Saturday, January 31, 2009

“The remembrance of them is grievous unto us”

The denomination in which I grew up, in which I was ultimately ordained a minister of the gospel—and which my family and I left about eleven years ago—was more liturgical than the average evangelical church. Although the worship services of each local congregation had its own distinct feel, there was a structure and pattern to worship which let you know you were in one of our churches, no matter the part of the country in which you were.

This was especially true when it came to the observation of the sacraments: the Lord’s Supper and Baptism. For the sacraments, there was a set form, with written prayers and set procedures. The ritual for the Lord’s Supper and Baptism were taken from the old Methodist Episcopal Church from which my former denomination broke rank in the late 18th century. The Methodist Episcopal Church, in turn, borrowed their ritual from the Book of Common Prayer of the Anglican Church from which it came.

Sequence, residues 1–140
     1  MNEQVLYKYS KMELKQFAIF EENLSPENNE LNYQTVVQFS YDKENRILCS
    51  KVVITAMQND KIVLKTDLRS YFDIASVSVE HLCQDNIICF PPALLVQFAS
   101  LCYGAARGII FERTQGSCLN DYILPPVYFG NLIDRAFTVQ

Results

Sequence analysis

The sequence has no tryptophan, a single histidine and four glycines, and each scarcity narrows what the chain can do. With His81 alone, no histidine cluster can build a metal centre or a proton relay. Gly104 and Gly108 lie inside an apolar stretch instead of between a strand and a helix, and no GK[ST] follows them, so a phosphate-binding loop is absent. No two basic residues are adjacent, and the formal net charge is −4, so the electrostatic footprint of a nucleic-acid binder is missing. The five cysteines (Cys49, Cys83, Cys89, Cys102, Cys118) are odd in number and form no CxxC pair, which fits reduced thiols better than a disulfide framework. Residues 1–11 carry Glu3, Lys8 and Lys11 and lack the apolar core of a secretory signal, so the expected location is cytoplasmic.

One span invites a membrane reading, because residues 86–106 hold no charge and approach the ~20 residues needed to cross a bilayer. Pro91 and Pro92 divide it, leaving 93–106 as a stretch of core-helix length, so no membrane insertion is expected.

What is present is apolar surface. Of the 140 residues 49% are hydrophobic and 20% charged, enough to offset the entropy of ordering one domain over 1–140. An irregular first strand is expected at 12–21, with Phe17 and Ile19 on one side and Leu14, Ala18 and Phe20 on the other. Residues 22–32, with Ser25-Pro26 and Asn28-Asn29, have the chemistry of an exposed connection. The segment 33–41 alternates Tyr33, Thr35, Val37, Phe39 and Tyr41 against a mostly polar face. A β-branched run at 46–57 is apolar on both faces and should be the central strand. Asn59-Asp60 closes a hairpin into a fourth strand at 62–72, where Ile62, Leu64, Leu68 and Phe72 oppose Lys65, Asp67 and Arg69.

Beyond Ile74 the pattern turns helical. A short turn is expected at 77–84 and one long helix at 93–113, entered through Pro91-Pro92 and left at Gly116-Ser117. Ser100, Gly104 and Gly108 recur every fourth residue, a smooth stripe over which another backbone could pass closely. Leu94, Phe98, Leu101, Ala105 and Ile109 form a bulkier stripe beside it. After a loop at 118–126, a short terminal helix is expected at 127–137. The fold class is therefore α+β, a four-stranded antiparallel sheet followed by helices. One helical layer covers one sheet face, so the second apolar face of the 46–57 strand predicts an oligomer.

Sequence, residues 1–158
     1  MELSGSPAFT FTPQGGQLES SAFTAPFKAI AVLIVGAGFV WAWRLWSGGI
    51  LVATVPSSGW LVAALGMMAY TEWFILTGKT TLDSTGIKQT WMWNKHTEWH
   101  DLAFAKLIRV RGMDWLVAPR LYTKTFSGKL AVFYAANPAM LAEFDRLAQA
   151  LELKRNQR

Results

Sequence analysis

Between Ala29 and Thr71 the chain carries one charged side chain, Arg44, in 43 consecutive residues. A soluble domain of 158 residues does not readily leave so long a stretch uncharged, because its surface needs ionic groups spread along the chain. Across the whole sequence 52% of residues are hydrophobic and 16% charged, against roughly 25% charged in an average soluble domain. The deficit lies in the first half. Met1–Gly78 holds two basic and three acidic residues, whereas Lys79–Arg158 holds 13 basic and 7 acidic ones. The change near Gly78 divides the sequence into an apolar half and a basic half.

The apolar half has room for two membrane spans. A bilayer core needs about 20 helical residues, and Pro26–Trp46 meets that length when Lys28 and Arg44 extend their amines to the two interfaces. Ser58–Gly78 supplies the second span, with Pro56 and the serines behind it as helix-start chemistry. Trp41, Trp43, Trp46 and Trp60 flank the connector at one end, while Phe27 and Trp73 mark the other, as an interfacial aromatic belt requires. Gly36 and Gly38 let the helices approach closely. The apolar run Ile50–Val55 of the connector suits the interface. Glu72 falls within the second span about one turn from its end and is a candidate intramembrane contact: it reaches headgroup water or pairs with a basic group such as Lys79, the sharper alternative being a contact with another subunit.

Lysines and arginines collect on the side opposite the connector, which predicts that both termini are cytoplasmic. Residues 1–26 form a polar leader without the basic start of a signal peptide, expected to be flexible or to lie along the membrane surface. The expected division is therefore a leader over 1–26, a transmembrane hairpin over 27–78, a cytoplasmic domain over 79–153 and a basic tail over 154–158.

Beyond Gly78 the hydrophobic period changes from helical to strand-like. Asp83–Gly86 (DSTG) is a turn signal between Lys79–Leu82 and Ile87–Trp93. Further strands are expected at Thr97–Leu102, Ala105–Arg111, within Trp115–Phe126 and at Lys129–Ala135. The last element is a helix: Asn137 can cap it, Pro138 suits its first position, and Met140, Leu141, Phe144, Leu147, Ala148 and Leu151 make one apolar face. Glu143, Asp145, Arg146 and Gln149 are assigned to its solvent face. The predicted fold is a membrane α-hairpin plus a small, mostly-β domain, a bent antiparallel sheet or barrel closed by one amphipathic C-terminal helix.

After all these years, I still know much of the liturgy by heart, especially the order for the Lord’s Supper. After inviting communicants to the altar rail to partake of communion (in my former denomination, we used to kneel to receive the Lord’s Supper), the minister led the congregation in a prayer of general confession:

Almighty God, Father of our Lord Jesus Christ, Maker of all things, Judge of all men, we acknowledge and bewail our manifold sins and wickedness, which we from time to time most grievously have committed, by thought, word and deed, against thy Divine Majesty, provoking most justly thy wrath and indignation against us. We do earnestly repent, and are heartily sorry for these our misdoings; the remembrance of them is grievous unto us. Have mercy upon us, have mercy upon us, most merciful Father; for thy Son, our Lord Jesus Christ’s sake, forgive us all that is past; and grant that we may ever hereafter serve and please thee in newness of life, to the honor and glory of thy name, through Jesus Christ our Lord. Amen.

Today, I was thinking about particular sins I’ve committed, and the thought crossed my mind: “the remembrance of them is grievous unto us.” That’s exactly how I feel. I’m grieved by the things I’ve done. Needless to say, I can’t change the past, nevertheless, I still remember. Even knowing God’s forgiveness through faith in Jesus Christ, I find that “forgive and forget” is impossible to do. We can forgive others and receive God’s forgiveness, but the mind still retains its memory. It’s when my mind pulls up the memory of my sins that I’m grieved.